EMBRUN – The township of Russell’s politicians have voted unanimously to keep the Embrun Train Station and move forward with potential renovation inquiries.
“I would add a paragraph to the existing recommendation that council confirm the train station will remain within the township of Russell. I think that’s the first thing that this group is looking for, is confirmation that we are keeping this train station,” Mayor Pierre Leroux said, referring to the Train Station Committee. “As we all remember, there was a citizens group from North Stormont that was requesting that they could take ownership.”
The landmark building was discussed during the municipality’s Feb. 22 council meeting, which included a resolution from the Parks and Recreation Advisory Committee (PRAC). Coun. Mike Tarnowski, who is the chair of PRAC, recommended that council agree to keep the train station in the municipality, that the unused 2021 funds set aside for the train station be transferred to 2022, and that council approve Phase 1 of the proposed plan using the transferred funds.
In addition to the resolution, a slide presentation from PRAC’s Jan. 31 meeting was included in the night’s agenda package. Train Station Committee president Israel Michaud, along with committee member Hélène Grandmaître, attended PRAC’s virtual session to provide an update and to present the three recommendations.
“They already have raised over $10,000 from the community towards this project,” Tarnowski said, referring to Michaud and his team. “It’s a really impressive community group that’s brought this together. They’ve got all kinds of support from the community, from local community businesses.”
Council took each recommendation one at a time beginning with keeping the train station, which was approved unanimously without much discussion. They then looked at the recommendation for transferring 2021’s train station funds to 2022 but the interim chief administrative officer Richard Godin said this was already being done, noting there was roughly $14,000 set aside for the building. The third recommendation, which was for council to approve Phase 1 work and to cover half the cost using the transferred funds, included a larger discussion.
It was noted that municipal staff would need to work with the group to ensure accurate estimates for work that meets the provincial standards. Director of Parks and Recreation Céline Guitard agreed, saying her team will work with the Train Station Committee. Further discussion revolved around the work items listed in Phase 1 of the project. Leroux questioned the plan to install outside lighting if the plan is to relocate the train station building to a different location.
“The want of having the lighting outside of it in Phase 1 is because we don’t have the timeline for Phase 2,” Tarnowski said. “So, the community group is going to work hard to get some funding to do Phase 2, which is putting it on a proper cement slab, hence required movement but it would be to put it close enough that any of the electrical that’s set up, all the wiring that would be on the actual building, would still be usable. So, it wouldn’t be a duplication of effort. This may happen in two years, three years down the road. That’s why we want to see the lighting done right away in this phase.”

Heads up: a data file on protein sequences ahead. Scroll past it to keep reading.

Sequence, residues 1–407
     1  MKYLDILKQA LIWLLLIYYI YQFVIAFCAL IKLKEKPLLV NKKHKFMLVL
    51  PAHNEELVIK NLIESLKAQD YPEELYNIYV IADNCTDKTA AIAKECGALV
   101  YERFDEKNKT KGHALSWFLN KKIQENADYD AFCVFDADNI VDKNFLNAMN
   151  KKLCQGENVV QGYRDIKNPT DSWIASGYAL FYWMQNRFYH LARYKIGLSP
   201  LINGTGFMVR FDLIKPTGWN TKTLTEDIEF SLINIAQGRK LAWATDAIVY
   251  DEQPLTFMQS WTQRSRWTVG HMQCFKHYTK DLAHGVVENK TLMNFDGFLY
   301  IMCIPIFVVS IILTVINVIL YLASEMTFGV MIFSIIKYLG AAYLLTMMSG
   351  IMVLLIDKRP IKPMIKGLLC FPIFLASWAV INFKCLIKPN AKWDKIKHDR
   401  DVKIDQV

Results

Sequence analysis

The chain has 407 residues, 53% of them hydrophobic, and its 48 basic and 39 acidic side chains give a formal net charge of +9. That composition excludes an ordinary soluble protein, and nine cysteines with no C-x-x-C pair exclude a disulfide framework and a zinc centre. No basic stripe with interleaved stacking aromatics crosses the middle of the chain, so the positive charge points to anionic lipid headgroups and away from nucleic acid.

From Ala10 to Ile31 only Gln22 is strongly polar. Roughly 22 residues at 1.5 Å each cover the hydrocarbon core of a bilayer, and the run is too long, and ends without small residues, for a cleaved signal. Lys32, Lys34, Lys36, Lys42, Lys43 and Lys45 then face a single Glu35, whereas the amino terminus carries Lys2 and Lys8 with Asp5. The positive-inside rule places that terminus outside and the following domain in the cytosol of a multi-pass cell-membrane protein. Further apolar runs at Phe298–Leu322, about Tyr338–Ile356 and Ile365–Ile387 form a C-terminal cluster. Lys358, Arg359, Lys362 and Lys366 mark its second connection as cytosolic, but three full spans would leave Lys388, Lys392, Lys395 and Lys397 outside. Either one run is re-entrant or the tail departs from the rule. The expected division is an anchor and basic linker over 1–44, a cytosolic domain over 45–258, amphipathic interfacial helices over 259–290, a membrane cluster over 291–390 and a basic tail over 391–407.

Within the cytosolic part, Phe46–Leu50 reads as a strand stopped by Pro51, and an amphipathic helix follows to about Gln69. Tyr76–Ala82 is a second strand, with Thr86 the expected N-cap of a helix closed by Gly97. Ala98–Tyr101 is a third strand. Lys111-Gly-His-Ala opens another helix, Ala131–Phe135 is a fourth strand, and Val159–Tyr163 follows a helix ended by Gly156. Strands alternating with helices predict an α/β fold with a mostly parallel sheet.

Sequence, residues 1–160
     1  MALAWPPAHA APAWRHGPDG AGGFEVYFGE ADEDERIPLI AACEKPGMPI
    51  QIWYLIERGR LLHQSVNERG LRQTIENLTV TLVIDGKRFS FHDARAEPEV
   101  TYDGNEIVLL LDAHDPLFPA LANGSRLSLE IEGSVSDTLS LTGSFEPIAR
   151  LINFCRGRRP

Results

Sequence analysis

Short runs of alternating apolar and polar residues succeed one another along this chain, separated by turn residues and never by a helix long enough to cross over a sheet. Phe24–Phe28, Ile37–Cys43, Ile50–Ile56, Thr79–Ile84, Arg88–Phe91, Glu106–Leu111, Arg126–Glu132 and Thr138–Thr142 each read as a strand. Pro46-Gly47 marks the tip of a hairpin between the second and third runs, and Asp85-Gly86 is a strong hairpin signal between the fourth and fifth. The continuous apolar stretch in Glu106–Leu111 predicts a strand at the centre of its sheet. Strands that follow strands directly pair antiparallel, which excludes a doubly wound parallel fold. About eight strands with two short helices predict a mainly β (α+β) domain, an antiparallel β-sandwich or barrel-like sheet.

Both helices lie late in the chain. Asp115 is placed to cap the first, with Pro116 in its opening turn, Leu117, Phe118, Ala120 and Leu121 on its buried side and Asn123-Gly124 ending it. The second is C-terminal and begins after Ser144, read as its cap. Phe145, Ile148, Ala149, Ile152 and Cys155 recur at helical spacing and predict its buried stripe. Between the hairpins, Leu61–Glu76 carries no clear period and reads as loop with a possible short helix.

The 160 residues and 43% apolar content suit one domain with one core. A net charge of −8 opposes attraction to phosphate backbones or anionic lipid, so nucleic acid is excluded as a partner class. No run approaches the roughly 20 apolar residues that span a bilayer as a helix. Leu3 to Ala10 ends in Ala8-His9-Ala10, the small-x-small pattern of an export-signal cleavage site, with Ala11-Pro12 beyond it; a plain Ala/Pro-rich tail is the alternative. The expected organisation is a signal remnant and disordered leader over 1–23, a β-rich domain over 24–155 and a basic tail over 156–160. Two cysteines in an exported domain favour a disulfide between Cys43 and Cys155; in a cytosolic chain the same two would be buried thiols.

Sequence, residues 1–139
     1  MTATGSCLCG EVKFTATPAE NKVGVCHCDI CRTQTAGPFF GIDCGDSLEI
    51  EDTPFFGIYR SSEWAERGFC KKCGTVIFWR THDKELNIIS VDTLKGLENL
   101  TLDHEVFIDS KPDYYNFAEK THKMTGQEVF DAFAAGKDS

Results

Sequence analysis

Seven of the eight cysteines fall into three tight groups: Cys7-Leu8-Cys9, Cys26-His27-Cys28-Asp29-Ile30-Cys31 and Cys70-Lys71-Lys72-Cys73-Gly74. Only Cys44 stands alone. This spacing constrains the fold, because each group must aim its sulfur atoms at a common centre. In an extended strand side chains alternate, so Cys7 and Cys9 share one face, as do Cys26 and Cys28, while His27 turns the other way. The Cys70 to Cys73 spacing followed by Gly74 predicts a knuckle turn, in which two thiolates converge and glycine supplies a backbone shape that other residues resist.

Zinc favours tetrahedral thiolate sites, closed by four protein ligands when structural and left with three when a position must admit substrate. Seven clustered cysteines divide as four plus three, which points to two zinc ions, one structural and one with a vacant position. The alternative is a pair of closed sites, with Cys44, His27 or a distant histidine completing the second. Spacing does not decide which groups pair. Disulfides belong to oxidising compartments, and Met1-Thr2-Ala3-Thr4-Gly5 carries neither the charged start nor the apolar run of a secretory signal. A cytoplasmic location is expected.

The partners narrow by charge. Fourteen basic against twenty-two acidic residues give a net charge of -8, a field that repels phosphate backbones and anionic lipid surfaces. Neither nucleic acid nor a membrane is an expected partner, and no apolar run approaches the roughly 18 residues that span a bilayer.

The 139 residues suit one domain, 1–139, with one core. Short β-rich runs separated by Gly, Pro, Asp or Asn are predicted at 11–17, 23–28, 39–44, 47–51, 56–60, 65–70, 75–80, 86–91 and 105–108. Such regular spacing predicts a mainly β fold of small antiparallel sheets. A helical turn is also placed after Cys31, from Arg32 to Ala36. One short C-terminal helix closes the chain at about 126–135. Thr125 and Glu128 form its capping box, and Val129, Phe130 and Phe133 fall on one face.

Leroux then posed questions about Phase 2. He said it would help to know the end goal of the project.
“Perhaps consideration might be for a second amendment to give direction to the administration to work with the group to bring back a report to council on how to move forward with Phase 2,” he said.
Guitard suggested getting an assessment of the required work along with cost estimates. She said she’d hate to see money being spent and volunteers putting in hundreds of hours to then discover the project isn’t feasible. Tarnowski questioned why this point wasn’t raised during the PRAC meeting, adding that he doesn’t want to see the project getting stalled while they wait for another study. Guitard said an engineering study was already done. She said she’s referring to an updated needs’ assessment, as this hasn’t been done in roughly three years.
The Train Station Committee’s project proposal was broken down into two phases. In phase one, the plan is to keep the station, do repairs, and highlight the exterior. The group provided a cost breakdown for this phase amounting to roughly $11,555. Phase two focuses on structural repairs and interior use with an estimated price tag of roughly $57,200. Following phase two repairs, the committee noted several potential uses, such as an Embrun Museum, local farmers’ market, tourist centre, or possibly a revenue-generating commercial project.
In the end, council approved the first recommendation, which was to keep the train station in the township. The second recommendation to transfer funds from 2021 to 2022 didn’t require action as it’s in the process of being done.
The third recommendation, which was for council to approve Phase 1 and fund half the expense using the transferred funds, was amended. The new resolution, which was unanimously approved, called for Guitard and her team to work with the Train Station Committee to get an updated accurate assessment of what needs to be done, including estimated costs, and that council would agree to pay 50 per cent of the cost of Phase 1 to an upset limit of $6,000.